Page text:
I like James Pethokoukis ideas that he listed as far as not only the Earned Income Tax Credit which along with Welfare to Work are two of the best anti-poverty programs ever created, but also as far as expanding the EITC for low-income workers. I would do that and add things like health insurance, education, job training, savings, retirement and even housing to the EITC. So these workers could actually put some money away and finish their education so they can leave their low-income low-benefit job and get themselves a good job. And leave poverty for the middle class.
If you want fewer unemployed adults in America whether they are educated or not and at least since the Great Recession there’s a mixture of both types of unemployed worker, working simply has to pay more than not working. Which is the whole point of the EITC. Money that low-income workers get back so they don’t have to pay federal income taxes. So that means increasing the minimum wage to the point that a minimum wage worker makes more money and earns that money, than someone not working at all and collecting Welfare Insurance. Because they simply do not have enough skills to get a good job.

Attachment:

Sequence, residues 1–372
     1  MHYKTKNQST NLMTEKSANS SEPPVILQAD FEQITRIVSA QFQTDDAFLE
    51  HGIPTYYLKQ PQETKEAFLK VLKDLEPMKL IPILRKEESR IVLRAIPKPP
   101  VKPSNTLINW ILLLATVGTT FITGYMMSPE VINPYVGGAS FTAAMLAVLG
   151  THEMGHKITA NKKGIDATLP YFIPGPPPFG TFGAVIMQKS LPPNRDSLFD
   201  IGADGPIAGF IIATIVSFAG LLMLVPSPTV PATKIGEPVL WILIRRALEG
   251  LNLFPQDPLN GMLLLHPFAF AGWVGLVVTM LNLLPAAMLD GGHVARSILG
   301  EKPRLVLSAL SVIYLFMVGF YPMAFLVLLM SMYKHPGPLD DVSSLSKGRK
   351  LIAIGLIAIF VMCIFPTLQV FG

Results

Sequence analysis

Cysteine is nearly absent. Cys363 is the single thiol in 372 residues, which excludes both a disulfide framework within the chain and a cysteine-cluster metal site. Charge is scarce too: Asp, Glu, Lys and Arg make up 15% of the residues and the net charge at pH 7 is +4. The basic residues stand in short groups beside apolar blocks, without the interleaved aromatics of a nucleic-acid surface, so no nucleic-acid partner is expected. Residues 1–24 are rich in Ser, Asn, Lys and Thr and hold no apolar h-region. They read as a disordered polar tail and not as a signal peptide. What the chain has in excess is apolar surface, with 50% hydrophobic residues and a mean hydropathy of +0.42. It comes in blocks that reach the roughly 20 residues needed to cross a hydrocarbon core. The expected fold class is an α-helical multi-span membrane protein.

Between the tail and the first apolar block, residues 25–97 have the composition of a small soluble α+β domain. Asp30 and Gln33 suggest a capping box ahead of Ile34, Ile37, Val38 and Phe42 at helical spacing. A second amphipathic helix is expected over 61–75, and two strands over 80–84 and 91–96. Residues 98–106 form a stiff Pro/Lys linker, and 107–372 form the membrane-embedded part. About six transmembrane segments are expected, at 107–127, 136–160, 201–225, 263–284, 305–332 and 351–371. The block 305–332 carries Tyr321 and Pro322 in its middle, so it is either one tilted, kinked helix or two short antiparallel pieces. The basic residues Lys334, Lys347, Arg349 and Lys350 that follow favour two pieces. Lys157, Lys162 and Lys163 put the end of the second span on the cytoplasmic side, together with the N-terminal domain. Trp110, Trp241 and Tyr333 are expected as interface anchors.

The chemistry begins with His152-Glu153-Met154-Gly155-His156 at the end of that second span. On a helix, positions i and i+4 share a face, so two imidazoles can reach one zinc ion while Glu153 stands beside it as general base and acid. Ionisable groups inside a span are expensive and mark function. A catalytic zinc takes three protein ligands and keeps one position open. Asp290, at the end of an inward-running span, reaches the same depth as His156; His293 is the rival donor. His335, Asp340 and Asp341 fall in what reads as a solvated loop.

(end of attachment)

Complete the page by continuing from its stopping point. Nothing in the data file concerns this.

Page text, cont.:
So minimum wage 10-12 buck and hour with a thirty-percent tax break for employers. And index the minimum wage for inflation so it keeps up with inflation. And apply today’s federal minimum wage of $7.25 an hour to people on Welfare and index that for inflation as well. So the person on Welfare even if they have kids would get the message that they could get more money working than not working. As well as get assistance in order to finish their education and get themselves a good job. And be able to leave public assistance all together.
Paul Baumbach: Earned Income Tax Credit